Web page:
Located at the end of the Foinikoudes promenade, the Medieval Castle of Larnaka (Larnaca) (also referred to as Larnaka Fort) is believed to have been originally built during the Middle Ages, and took its present form during the Ottoman rule, although there is some contestation of its origins.

Chronographer Florius Boustronius dates it to the years of Lusignan King James I (1382 – 1398 AD), who built it to protect the harbour of the town. During the same time, the Genovese occupied Famagusta (Ammochostos) and the Lusignans had to develop another major port for the needs of their kingdom. Sources from the 18th century insist that the castle was built by the Turks in 1625 AD, even though a Turkish garrison was stationed there since 1570 AD. Other references by travellers confirm that the castle was constructed before 1625.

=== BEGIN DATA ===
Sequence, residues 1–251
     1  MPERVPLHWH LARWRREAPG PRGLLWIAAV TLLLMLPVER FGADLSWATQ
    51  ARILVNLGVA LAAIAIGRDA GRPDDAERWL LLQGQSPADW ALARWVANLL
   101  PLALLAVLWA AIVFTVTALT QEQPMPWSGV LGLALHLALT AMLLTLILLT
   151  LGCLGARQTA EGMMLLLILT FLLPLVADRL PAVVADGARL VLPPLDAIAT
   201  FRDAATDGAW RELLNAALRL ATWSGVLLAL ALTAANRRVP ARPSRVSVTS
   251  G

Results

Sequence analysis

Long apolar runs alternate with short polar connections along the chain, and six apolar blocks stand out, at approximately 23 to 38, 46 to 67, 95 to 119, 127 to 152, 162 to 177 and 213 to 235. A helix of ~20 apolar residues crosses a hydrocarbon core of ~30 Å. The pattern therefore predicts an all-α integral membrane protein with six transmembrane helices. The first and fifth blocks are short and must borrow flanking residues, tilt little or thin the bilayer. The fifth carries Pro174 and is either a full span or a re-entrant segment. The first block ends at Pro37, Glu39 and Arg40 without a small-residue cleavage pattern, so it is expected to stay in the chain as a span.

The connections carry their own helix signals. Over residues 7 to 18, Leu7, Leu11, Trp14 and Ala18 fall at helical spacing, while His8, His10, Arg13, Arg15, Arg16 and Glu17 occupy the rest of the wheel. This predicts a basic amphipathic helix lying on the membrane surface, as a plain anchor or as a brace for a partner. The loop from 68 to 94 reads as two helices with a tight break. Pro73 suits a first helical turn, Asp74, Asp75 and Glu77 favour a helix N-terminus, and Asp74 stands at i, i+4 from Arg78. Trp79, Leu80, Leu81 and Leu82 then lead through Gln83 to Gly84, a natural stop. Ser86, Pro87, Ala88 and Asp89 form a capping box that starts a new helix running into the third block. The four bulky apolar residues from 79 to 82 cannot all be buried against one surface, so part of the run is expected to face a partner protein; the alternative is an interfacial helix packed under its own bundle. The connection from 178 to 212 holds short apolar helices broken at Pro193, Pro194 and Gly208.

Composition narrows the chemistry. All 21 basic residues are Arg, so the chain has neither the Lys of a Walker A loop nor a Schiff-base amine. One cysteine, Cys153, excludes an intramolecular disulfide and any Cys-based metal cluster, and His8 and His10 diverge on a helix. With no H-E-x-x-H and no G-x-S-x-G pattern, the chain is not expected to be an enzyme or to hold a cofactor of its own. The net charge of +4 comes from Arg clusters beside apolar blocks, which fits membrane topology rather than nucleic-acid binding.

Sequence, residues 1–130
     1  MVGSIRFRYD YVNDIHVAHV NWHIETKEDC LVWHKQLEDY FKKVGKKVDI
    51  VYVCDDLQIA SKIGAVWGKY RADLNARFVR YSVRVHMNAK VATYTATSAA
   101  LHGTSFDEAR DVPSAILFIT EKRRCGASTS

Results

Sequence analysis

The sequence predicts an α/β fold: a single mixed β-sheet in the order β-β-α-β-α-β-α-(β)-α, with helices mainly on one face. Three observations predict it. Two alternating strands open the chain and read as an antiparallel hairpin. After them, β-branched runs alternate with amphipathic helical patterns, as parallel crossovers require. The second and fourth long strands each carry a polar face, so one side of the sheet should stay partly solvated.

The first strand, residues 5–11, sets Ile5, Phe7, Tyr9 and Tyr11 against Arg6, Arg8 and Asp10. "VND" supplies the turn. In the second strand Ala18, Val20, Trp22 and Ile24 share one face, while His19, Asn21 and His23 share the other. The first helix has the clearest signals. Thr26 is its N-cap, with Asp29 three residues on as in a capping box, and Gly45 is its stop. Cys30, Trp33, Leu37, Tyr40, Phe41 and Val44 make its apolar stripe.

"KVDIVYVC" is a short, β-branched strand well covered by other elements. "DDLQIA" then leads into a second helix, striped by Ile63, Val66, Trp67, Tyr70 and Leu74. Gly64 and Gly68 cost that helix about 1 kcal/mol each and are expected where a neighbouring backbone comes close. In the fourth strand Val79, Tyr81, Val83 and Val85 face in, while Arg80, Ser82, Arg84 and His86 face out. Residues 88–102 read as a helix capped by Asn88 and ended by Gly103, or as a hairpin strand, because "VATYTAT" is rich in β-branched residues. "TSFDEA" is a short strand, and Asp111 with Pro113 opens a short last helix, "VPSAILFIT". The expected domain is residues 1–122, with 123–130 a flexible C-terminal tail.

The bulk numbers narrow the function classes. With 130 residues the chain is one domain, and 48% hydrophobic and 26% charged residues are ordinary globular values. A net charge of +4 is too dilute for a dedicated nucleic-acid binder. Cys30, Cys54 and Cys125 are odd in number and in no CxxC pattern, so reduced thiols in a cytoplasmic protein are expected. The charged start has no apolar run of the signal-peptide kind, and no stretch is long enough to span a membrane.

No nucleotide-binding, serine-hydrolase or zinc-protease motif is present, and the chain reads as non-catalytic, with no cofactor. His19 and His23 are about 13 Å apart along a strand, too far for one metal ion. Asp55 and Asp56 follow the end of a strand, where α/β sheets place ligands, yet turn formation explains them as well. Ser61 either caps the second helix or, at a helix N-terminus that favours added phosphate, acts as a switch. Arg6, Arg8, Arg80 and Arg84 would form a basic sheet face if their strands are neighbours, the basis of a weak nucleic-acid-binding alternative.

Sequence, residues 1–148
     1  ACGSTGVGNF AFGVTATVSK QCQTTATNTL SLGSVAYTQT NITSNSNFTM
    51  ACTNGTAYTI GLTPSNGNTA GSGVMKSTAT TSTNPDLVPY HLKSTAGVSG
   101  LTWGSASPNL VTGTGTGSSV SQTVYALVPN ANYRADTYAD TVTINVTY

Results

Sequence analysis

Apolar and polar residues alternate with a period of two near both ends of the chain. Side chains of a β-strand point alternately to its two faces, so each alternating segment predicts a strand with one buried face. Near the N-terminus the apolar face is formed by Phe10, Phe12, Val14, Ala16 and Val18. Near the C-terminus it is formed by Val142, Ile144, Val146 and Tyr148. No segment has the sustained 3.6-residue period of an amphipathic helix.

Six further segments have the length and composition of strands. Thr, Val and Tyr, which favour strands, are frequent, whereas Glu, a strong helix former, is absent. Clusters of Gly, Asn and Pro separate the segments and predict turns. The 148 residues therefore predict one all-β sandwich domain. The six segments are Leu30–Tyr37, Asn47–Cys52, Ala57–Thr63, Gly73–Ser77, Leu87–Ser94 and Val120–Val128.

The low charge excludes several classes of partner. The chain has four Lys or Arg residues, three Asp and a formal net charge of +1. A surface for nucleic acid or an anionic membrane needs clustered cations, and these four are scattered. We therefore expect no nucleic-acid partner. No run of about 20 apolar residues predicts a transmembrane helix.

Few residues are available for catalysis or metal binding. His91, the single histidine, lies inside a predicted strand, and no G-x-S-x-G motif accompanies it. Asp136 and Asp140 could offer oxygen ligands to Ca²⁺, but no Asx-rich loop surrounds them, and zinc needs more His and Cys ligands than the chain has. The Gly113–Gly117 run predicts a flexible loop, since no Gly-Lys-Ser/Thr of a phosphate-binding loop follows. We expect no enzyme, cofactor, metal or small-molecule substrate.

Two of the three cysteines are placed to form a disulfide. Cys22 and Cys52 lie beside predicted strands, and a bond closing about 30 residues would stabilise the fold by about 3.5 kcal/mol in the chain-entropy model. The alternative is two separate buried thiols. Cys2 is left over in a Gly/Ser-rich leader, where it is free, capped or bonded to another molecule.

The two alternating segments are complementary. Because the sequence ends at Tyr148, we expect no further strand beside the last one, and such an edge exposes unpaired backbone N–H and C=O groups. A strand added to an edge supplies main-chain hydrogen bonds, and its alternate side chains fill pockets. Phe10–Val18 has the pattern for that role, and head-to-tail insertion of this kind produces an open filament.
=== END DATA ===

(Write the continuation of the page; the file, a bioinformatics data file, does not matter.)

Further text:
After the end of the Ottoman era in Cyprus, the British converted it into a prison and it was used during the first years of their rule. The western chamber of the ground floor in the east was used for the execution of prisoners. The gallows – which must had been constructed in the room – were in use until 1948.

Today, the castle houses the small Larnaka Medieval Museum across three rooms, and exhibits artefacts from the Early Christian period (4th-7th centuries) to the Ottoman period (18th-19th century).